Space Heaters

Space Heater Guidance and Safety for NPS


The following guidance is for Naval Postgraduate School personnel. If you are from another command, please seek guidance from your command safety office.


Portable space heaters are devices employed to heat a small, partially enclosed area. The majority of space heaters are powered by electricity and are used when individuals are unsatisfied with the building’s heating system. Unfortunately, space heaters are highly inefficient and pose a serious fire hazard in the workplace when not used properly.

Proper Use of Heaters:

Using a portable space heater properly requires careful placement and monitoring:

  • Space heaters should be kept away from water and wet environments to avoid electrical shock.
  • If an electric space heater is used in an area with running water, like a kitchen or bathroom, make sure to plug the device into an outlet with a ground-fault circuit-interrupter (GFCI) to protect against electrical shock.
  • Space heaters must be kept at least three feet away from any combustible items, such as paper, furniture, draperies, etc.
  • Make sure to only plug one space heater into an individual electrical circuit. The use of multiple heaters could overload the electrical circuit and cause injury or property damage.
  • Space heaters can be dangerous if too many appliances are plugged into an outlet, causing the circuit breaker to trip. The amount of power needed for space heaters is often far greater than typical appliances and this can strain an electrical system.
  • Space heaters should also not be used if they have missing or broken parts, such as knobs, grills, or stands.
  • Inspect the power cord and base of a space heater before using it to make sure the cord is in good, serviceable condition and is not pinched, worn, frayed, or missing the ground prong.
  • Always make sure to turn off your space heater every time you leave your workspace; it should never be left on while unattended. (ie. do not leave them on when you leave your office or academic space to heat the room in your absence!) - and unplug when you leave for the day!
  • Spot checks will be conducted to ensure that they are in compliance.  

Heater Requirements:

When choosing a portable space heater to use in the workplace, there are a few requirements that must be considered:

  • Space heaters must be approved by a Nationally Recognized Testing Laboratory (NRTL), such as Underwriters Laboratory, Inc. (UL) or ETL. Those not approved, should not be used.
  • Space heaters must have an automatic safety switch (tip-over switch) that turns the unit off if it is tipped over.
  • Space heaters must have a thermostatic control which ensures that the unit will turn itself off and prevent overheating or creating an electrical hazard. 
  • Space Heaters built in thermostats and cannot be capable of reaching more than 212 degrees Fahrenheit.
  • Space Heaters must be Energy Star® or a FEMP recommended products


Although space heaters appear to be harmless to some, many hazards can still exist no matter where they are used. In 2005-2009, space heaters caused 32% of home heating fires or structural fires and resulted in thousands of injuries as well as deaths. The most serious hazards associated with space heaters are fire hazards. The majority of space heater fires are caused when combustibles (e.g. paper, clothing, and curtains) are placed too close or come in contact with the heater causing them to catch fire. Portable electric space heaters have a higher risk of fire than fixed electric heating devices.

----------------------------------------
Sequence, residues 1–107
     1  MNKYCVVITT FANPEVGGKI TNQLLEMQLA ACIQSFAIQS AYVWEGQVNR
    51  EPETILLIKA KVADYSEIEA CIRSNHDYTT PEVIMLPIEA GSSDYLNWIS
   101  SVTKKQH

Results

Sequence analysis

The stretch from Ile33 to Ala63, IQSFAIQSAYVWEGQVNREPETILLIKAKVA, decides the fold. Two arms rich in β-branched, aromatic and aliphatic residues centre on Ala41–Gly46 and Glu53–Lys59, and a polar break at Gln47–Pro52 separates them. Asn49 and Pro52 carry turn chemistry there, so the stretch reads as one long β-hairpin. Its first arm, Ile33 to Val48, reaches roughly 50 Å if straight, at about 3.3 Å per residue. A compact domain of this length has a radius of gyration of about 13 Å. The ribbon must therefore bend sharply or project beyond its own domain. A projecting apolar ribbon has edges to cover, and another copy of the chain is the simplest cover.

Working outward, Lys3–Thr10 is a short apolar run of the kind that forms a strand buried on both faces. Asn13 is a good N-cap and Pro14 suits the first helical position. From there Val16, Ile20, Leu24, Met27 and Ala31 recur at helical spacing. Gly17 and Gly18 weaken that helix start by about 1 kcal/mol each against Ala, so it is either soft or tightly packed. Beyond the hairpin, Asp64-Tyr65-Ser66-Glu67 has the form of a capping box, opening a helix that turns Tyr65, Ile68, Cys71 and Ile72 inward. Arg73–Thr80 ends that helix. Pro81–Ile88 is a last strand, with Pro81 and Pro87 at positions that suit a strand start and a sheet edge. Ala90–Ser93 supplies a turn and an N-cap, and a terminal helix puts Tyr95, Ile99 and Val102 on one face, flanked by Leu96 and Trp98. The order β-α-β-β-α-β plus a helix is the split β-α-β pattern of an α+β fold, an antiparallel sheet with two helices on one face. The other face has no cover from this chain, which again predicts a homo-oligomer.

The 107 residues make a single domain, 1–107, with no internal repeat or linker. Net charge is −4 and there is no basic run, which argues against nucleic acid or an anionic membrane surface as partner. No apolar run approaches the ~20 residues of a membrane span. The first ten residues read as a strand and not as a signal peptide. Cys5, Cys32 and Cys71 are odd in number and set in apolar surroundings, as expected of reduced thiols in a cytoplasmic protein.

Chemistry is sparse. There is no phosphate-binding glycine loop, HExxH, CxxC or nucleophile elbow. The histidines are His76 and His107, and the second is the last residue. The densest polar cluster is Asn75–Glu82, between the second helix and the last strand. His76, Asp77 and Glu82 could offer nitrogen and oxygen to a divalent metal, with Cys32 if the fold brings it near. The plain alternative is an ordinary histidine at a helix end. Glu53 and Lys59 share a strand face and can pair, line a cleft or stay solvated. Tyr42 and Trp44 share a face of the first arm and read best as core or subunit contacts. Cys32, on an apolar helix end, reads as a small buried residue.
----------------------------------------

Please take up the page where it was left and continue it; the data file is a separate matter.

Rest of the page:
Acquiring Space Heaters at NPS:

If a Department or School is requisitioning Space Heaters for their employees, then the heaters must be labeled with the commodity code “SAFETY” in KFS, or ERP so the NPS Safety Office may review/approve the heaters prior to purchase to assure they meet standards.   

GSA Advantage has many space heaters available and it is recommended that one purchased through there (and not on Amazon!).  A GSA Search of the following will return hundreds of results: “space heater UL ETL” 

After the heaters arrive, you may contact the NPS Safety Office at and request that we inspect the space where the heaters are intended to be used and we would be happy to provide guidance on proper use but this is not a requirement.


**Because of the hazards and inefficiencies of space heaters, the preferred course of action is to make adjustments to the central heating for the area. Before acquiring a space heater, please submit a submit a trouble ticket to NAVFAC accounts email include the following information listed below:

  1. Name

  2. Phone number

  3. Email address

  4. Building No. or Facility

  5. Room No. or Work Location

  6. Work Description (for example: “Need adjustment to central heating’)


Space Heater Side



Fast Facts:

Estimated Damages Caused by Space Heaters (in the home) during 2005-2009:
32% of home heating fires

  • 79% of space heater fires associated with civilian deaths
  • 66% of space heater fires associated with civilian injuries
  • 52% of space heater fires associated with direct property damage

*Source: National Fire Protection Association (NFPA) Journal report, “Home Fires Involving Heating Equipment” by John R. Hall, Jr., January/February, 2012.